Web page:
You know what?  I just realized that I fucked up really badly. Before I asked that question I was supposed to tell you that I’m pretty much the same age you are in case there was something . . . 

Yeah, you sounded like, you know, maybe we were more or less peers.

Well, I didn’t want you to think in asking that question that I was calling you old or suggesting that you should get into the grill business. It really was more of a songwriting question.

Oh, I was flattered that you mentioned someone who was 45 instead of 47 (laughs).

I read about this theory – I think it was in the Times a couple of months ago – but  I read that regardless of gender, religious affiliation, sexual preference, or geographic location, you’re never going to find more depressed people than those between the ages of 40 and 49.   The theory suggests that before the age of 40 you still think, ‘Well, you know, I can do something else if I want to.’ And from age 50 onward you’ve had enough friends die that you’re really just kind of glad to still be here, and so 40 to 49 are the big Xanax years. I don’t want to go into your medicine cabinet, but is there anything funky about this particular decade where youth is gone but you don’t yet qualify for the AARP discount so it’s kind of like a small slice of purgatory?  Or is it just me?

Well, I think that I have been doing the best and the happiest and feeling like I have the most energy and super lively and like interested in stuff in the last three years. But I’m, you know, somebody who, you know, has suffered from pretty severe like depression and anxiety all my life, which has kind of forced me to like have to deal with it. Like fairly early. And so, you know, I’ve been in therapy for a long time. I mean, I actually haven’t gone in a while because I feel great.  

So in answer to your question, I feel like my life is like totally awesome and I’ve never been happier. But, you know, I’m also mindful that there’s certain things, like kind of physical stuff where you go . . . I think I was at the gym, which, believe me, does not happen very often, and I was running on the treadmill or I was like jogging or something, and I wanted to do intervals, so you know I would jog for three minutes and then sprint for a minute or something, and then I kind of like got a glimpse of myself in a window or a mirror or something, and my sprint was like, ‘Oh, that looks like a jog.’ And my jog was like, you know, a Palm Beach Shuffle.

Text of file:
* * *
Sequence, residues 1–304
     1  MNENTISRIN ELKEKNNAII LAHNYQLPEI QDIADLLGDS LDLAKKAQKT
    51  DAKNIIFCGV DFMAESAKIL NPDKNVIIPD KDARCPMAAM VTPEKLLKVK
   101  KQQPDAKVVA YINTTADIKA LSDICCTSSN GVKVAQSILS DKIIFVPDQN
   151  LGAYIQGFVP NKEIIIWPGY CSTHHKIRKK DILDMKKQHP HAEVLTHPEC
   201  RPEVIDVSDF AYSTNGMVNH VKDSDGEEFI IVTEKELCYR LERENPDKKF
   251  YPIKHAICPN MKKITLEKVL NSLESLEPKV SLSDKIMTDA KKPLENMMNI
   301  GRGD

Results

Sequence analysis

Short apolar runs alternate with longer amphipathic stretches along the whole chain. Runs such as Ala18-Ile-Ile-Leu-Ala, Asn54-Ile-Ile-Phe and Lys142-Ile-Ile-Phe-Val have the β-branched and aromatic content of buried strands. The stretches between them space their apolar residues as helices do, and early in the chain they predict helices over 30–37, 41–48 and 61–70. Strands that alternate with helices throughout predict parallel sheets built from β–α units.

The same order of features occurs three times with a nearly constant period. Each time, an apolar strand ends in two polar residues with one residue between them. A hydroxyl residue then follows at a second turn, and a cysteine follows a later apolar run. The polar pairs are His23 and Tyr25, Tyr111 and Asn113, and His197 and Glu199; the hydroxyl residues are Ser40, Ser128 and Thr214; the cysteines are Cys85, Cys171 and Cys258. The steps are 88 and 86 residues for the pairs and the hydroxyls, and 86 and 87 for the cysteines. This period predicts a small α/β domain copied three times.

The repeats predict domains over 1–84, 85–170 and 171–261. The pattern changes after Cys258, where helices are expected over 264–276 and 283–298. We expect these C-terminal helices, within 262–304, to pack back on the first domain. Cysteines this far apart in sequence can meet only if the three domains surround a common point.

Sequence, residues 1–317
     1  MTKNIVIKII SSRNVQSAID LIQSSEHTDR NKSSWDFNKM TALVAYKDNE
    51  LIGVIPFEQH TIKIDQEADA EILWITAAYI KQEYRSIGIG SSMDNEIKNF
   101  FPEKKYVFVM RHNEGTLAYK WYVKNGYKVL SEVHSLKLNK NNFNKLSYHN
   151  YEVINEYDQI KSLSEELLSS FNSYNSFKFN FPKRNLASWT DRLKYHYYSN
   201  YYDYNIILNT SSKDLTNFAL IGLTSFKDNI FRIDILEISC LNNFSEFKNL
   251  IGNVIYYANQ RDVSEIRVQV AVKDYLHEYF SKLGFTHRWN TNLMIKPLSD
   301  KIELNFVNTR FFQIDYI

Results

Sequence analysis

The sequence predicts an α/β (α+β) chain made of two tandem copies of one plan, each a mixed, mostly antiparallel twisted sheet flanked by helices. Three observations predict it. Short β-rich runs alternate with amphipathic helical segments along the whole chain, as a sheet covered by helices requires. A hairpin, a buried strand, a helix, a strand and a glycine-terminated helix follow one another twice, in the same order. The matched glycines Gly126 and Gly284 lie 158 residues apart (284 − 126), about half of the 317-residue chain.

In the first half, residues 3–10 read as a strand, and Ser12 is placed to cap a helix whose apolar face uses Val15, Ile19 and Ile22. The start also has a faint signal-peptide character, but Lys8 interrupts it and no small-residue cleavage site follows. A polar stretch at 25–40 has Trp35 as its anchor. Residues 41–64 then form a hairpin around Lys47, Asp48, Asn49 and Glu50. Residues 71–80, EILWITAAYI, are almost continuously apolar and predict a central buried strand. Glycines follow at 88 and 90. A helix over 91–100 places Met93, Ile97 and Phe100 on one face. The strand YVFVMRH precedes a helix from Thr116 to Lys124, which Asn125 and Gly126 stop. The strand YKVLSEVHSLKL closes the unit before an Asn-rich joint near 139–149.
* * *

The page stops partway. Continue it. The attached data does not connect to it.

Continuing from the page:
Like this old guy shuffling along the beach in his leisure suit. So that was a little shocking because I sort of felt like (laughs), you know, the sprint should be the sprint and it did not look like a sprint at all.

Those moments of forced humility are not fun. And, you know, they were a lot easier to brush off at a younger age.

This is what happens in your 40s. You realize willpower is not the only missing ingredient anymore. Because you always sort of felt like, ‘If I just really put my mind to it I could really get in shape.’ And like, you know, with boxing, I could really get in shape and I could spar and I could like make it happen. I’m just lazy. But now I have to go, ‘Willpower cannot overcome everything.’ That is humbling, but it’s humbling in a good way because guess what?  Willpower cannot overcome everything.

On Wednesday morning, July 30, Aimee Mann will appear on The View. That evening she will perform at the Highline Ballroom (advance tickets are sold out; check with the club for day of show admission). On August 1 Mann will headline the Music Hall of Williamsburg (that show is also sold out). In between, on the evening of July 31st, Mann and Netherland author Joseph O’Neill will appear at the Barnes & Nobles at Union Square as part of the store’s ‘Upstairs at the Square’ series. Admission is free.